One of the best things about tabletop role-playing games is just how much versatility a player has in any given situation. Any good GM should be able to accommodate any reasonable request from their players, but the real fun come in when a player completely sideswipes you with some genuine shenanigans. Having to adjust and improvise on-the-fly is an absolute thrill that really tests my abilities to honor the request of the player while adhering to the rules and story. It’s a tough thing to develop, but it’s a necessary skill to have when running a game…
One of the best things about tabletop role-playing games is just how much versatility a player has in any given situation. Any good GM should be able to accommodate any reasonable request from their players, but the real fun come in when a player completely sideswipes you with some genuine shenanigans. Having to adjust and improvise on-the-fly is an absolute thrill that really tests my abilities to honor the request of the player while adhering to the rules and story. It’s a tough thing to develop, but it’s a necessary skill to have when running a game.
During one of my first ever games I ran, the first thing that a player of mine did was just say they were doing something, which in this case was taking a pouch of gold off of an NPC. My first reaction was to prompt them for a sleight of hand check which seemed pretty reasonable in my mind, but then they clarified and said “no, I’m just taking it.” They made it clear that there was no intent for being sneaky or surreptitious at all, they just literally wanted to take a thing that belonged to another character without any resistance. Knowing what I know now, I shouldn’t have relented and instead made them roll a contested strength check or just tell them that wasn’t going to fly without a check, but when you’re starting out you just want to please everyone and let them run free.
Don’t do that. While it may seem counterintuitive to tell your players they can’t do something, sometimes you need to remind them that TTRPGs, while a great forum for wild improvisation, are by and large very rules-heavy games. It isn’t about just saying “no” to your players, rather you need to refocus their energy so they can work within the guard rails of whatever system you’re playing. Saying “no” repeatedly to a player might result in them just checking out entirely or feeling as if they’re being picked on, so usually I try to encourage my players to try a different tactic or work with them to accomplish whatever ridiculous thing they’re trying to do.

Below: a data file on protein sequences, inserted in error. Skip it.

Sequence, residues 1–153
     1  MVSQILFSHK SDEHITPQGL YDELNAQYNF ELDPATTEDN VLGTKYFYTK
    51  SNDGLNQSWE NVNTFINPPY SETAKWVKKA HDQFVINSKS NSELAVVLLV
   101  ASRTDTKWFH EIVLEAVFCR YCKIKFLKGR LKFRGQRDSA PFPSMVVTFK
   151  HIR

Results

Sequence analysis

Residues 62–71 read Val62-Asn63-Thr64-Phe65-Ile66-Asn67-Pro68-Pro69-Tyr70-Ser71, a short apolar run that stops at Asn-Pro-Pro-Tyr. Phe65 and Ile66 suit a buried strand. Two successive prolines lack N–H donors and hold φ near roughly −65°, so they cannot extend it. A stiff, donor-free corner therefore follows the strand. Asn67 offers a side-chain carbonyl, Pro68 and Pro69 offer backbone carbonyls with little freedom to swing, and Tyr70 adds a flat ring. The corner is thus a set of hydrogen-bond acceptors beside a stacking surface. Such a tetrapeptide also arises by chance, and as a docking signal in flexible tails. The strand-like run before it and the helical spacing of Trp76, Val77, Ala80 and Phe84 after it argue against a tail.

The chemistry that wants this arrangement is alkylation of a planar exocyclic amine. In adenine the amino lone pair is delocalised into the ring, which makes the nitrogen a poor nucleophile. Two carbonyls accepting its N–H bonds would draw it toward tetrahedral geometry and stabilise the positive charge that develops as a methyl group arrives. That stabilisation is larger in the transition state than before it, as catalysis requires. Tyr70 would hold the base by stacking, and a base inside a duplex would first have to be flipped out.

Because I play with my friends, there’s a built in level of respect between all of us. They know that I’m trying to give them as much flexibility as I can without completely throwing out the rule book, and I know that they’re going to respect me when I tell them that there’s going to be a couple of extra steps required in the insane shit they’re trying to pull off. I ultimately want their characters to succeed in whatever they’re doing, but that doesn’t mean I have to make it easy on them and let them dictate what rules are and aren’t enforced.
There are plenty of ways that you can help work with your players to accomplish their goals, but for my money I’ve found that just asking my players if they have any abilities that would aid them in their wild requests is something I’ve found not only reinforces the rules of the game, but makes sure they’re paying attention to their character’s unique abilities. But lets say you wanted to be fun for once in your life and just let the players have a good time, well that’s when luck checks, high dice checks and even some deus ex machina can help you loosen up.
Honestly, that’s kind of the secret. If the players want to do a near impossible thing, let them try it and set the DC at 30 and give them disadvantage if you have to. They’ll probably fail miserably if they actually try which could lead to even more hilarious situations. Or maybe they’ll succeed, which might ruin an encounter, but it’ll be a moment they talk about forever. In my experience, I’ve never been so happy to get fucked over by the dice thanks to a rogue natural 20, because the players eat that shit up.
Allowing your players to try something rather than just shutting them down is something that I truly believe you have to do in order to foster a positive gaming environment. If you don’t let your players have fun, they’ll eventually stop caring and stop playing, but if you let them get away with anything then you’ll probably want to stop playing. Having been on both sides of that divide I can attest to how difficult striking that balance can be, but I assure you that striving for that balance is well worth the effort.